Something I really did like about the character of Risuko was the conflict that she had within herself. She is training to possibly be a killer and being taught that all living things die. Risuko had been taught by her father to never harm and certainly to never kill a living thing. Watching her struggle with this was touched on multiple times, although it was only the beginning. It seems that the second novel will really focus on this conflict, so I’m really looking forward to that. I love when characters have inner conflict like this because I think it’s fascinating.

Risuko promises to be a novel about a girl who, although her family is disgraced, can save Japan. I didn’t see much of that in the novel. It was mentioned several times, but didn’t go into too much detail. I do believe that overall, the series that comes out of Risuko will be about this. I just was expecting more, now, when that was a big part of the summary of the book. It also promises to be political, which was something I thought would be cool. Unfortunately, a lot of the things don’t happen in Risuko’s point of view. About the only thing we get from her is glimpses of a map that she doesn’t understand. I am hoping that changes in the next book.

The bulk of the novel is spent with Risuko as she trains to be a kunoichi (and learns what it is) at Mochizuki. Unfortunately, this slows down the pacing quite a bit. When they were traveling, there were opportunities for danger and action, and this slows to a snail’s pace as soon as they enter the gates of Mochizuki, which was frustrating. David Kudler built and had (more) potential for character growth when they were out on the roads, and those were the parts I found most interesting. For me, there was a huge problem of too little action between these big moments full of suspense and danger. I wish that the slowness of the training had been punctuated by something else–whether that’s a domestic problem, more lovers’ quarrels, or a visit to the town that Mochizuki looks out for. There’s only so much I want to read about how they learn how to cut apart the carcass of a cow or cut radishes into a particular size. It was repetitive in a way that it didn’t need to be, considering that Risuko could have had many more classes as she trained to be a kunoichi. However, even though it was slow, I did like how the training activities were subtle ways that they were learning how to be a kunoichi. Although none of them know what a  kunoichi is, it’s clear that they’re becoming smarter and stronger through these menial activities. I only wish that we had spent more time in their training classes in order to learn more.

Living in Japan, I noticed that the author did a lot of research. It didn’t have the problem that many set in Japan books have, namely that there’s been little to no research and the author has only thrown in –san, –sama, etc in order to make it Japanese. So I was really happy about that. The only thing I disliked, and since this is an advanced reading copy it may change, were the lack of Japanese place names. At the end of the novel, David Kudler mentions that he made that decision in order to make the book his own, but with places like Serenity province and Mochizuki in the same world,  it was a confusing muddle of Japanese and English sounding or Anglicized place names. Risuko treads that blurry line of historical fiction, where there are real people and places that are fictionalized, and fantasy, where the author adds things that are their own. It’s difficult to write this way. Where does the historical stop and the fantasy begin, and where does that allow the author to take the necessary creative license?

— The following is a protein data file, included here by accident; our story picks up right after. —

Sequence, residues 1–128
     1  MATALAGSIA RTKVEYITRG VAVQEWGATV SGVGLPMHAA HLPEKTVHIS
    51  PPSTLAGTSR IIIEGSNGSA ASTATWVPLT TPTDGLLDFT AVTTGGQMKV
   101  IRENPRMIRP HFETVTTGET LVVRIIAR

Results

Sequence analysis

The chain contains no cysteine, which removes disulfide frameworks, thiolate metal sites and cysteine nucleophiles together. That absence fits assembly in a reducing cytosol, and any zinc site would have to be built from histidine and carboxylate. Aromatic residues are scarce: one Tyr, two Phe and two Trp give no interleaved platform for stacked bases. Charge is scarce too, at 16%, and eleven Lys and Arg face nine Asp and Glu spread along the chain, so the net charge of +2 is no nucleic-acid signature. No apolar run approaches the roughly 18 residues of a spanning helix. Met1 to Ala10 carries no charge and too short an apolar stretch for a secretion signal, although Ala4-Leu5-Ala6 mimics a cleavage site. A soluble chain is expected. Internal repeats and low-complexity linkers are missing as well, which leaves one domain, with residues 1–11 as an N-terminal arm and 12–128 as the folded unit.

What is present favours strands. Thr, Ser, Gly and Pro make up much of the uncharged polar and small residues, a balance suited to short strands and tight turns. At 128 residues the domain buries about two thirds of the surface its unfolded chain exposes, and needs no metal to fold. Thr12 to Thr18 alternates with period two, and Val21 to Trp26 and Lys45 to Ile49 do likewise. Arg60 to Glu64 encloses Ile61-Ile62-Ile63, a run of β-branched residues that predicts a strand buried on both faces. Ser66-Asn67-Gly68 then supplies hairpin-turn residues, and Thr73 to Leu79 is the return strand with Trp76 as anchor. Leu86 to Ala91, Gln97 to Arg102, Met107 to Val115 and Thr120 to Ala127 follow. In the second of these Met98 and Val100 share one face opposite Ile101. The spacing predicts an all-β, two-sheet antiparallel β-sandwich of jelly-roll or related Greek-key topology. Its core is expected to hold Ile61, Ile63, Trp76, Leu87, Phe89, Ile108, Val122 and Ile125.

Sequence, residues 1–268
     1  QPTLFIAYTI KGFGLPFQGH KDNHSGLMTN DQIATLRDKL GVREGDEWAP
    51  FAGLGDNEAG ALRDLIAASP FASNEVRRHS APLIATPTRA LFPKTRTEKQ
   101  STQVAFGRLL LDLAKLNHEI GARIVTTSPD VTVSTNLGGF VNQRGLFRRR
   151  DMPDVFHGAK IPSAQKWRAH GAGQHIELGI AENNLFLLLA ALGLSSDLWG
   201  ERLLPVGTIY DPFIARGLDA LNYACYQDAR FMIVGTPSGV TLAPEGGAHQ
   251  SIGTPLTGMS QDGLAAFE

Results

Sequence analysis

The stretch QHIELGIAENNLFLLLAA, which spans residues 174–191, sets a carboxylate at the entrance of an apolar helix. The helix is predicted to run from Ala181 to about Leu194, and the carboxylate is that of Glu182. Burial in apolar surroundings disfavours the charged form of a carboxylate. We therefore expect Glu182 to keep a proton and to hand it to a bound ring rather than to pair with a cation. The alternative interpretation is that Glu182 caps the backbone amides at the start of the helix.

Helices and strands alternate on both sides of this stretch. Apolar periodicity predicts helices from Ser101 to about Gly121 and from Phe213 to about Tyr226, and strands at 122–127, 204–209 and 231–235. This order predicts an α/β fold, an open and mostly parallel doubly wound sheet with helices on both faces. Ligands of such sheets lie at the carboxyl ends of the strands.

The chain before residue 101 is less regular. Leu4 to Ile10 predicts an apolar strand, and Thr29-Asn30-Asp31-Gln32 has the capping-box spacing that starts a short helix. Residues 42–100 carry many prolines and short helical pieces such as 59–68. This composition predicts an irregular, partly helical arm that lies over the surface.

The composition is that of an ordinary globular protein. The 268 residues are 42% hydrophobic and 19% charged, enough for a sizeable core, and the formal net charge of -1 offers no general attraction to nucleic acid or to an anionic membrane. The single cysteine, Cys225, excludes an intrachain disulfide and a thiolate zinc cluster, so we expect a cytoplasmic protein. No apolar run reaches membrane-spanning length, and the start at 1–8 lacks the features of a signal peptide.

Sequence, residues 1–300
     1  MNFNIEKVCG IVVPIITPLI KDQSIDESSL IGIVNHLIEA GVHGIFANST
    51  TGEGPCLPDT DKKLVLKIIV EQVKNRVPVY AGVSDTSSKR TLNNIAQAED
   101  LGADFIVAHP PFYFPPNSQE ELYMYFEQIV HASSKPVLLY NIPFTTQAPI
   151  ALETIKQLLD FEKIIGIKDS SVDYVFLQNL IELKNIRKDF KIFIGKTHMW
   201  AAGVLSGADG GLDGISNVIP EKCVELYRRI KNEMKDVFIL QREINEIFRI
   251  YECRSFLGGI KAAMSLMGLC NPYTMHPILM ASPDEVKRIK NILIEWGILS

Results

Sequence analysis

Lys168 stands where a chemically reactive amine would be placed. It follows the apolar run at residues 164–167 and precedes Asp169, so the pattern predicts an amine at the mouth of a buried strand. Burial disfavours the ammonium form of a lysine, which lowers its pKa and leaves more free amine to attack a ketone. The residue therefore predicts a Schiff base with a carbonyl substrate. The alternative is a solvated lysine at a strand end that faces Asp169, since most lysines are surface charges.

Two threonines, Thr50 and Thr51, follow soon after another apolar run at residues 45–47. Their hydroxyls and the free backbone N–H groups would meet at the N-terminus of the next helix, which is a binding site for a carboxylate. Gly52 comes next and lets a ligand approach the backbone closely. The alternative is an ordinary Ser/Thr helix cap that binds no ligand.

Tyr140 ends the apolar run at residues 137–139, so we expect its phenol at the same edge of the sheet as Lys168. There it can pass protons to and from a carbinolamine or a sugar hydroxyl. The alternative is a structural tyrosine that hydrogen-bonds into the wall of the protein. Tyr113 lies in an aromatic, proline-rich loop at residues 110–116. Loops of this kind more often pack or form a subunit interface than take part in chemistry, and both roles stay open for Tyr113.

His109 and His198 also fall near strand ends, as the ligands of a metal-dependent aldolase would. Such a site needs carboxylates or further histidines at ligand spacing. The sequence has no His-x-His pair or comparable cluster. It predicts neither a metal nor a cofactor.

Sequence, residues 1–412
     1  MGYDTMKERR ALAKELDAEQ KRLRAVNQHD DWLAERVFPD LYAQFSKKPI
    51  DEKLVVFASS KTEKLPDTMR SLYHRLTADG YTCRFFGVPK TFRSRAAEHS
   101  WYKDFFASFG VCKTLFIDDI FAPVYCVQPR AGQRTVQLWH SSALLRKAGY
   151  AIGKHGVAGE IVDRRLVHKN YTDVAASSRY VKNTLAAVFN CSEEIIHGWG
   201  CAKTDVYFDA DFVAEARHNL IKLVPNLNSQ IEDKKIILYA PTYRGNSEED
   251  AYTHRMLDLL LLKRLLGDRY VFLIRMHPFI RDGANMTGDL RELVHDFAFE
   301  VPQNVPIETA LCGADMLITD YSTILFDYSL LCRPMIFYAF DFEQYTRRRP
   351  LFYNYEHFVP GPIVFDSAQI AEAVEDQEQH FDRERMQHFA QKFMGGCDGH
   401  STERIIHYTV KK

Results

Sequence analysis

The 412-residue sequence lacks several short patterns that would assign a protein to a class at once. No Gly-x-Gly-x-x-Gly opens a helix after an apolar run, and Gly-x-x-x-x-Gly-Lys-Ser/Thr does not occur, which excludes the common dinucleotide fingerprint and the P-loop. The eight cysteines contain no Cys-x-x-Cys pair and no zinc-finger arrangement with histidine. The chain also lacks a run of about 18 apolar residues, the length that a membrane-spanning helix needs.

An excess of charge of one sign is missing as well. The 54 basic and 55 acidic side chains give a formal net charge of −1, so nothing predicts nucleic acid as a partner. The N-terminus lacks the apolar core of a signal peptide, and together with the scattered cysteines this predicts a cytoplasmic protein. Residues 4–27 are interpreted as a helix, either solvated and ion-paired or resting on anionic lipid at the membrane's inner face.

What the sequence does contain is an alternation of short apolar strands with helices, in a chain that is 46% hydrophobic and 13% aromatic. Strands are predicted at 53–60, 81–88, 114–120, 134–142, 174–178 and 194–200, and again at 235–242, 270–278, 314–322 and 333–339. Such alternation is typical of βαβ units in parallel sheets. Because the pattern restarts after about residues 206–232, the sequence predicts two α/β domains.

I’d definitely recommend this more for the younger end of the young adult spectrum rather than the end that starts tipping into the new adult spectrum. Although there are very brief mentions of sex (along the lines of “She knows how to make men happy so they talk”), I would absolutely say that it’s okay for younger readers. There is violence, but it isn’t detailed in a way that is gruesome.

3.5 stars.

Again, I received an advanced reading copy of Risuko from the author, David Kudler, as well as a copy from NetGalley in exchange for an honest review. I accidentally doubled up! Risuko will be available for purchase June 15th, 2016!

[Anew: Disappeared III] Bronwyn Kienapple

Slight spoilers for the first two novellas, Imperfect and Broken, follow. I would like to thank the author again for providing me with a copy of Anew! This in no way affected my review, so what follows is my honest opinion on the last novel and series overall.


Only days seem to have passed since Ahuil showed up at Theodosia’s family manor as a footman named Anthony. If not being able to see him while she’s been trapped on the estate was bad, having him hover around her family’s elbows at every moment is far worse. Stolen glances and moments are all that Theo and Ahuil can manage under the strict and watchful gaze of her family. Loving the other is forbidden, and Theo doesn’t dare think what will happen if they are found out. With the arranged marriage that she was running from looming even larger on the horizon, Theo needs to rediscover her strength even when it seems that all is lost. It’s not just her happiness that she needs to save.

I was a little frustrated with Theodosia in this final novella of the series. In the previous one, I had praised her as a strong character who didn’t stagnate in her relationship with Ahuil. That didn’t carry through completely to this one. At the beginning, she is still someone who is watching out for her loved ones and acting in a way that was not necessarily standard for the times. Eventually, her actions catch up to her and she is trapped at the estate, unable to even walk the grounds, making it impossible for her to sneak away to visit her friends to see how they’re making out in their new lives. Granted, she didn’t stagnate in the relationship, because most of that had a secretive quality and moments didn’t happen very often in Anew. She did, however, stagnate in the way that she allowed herself to wallow in her self-misery.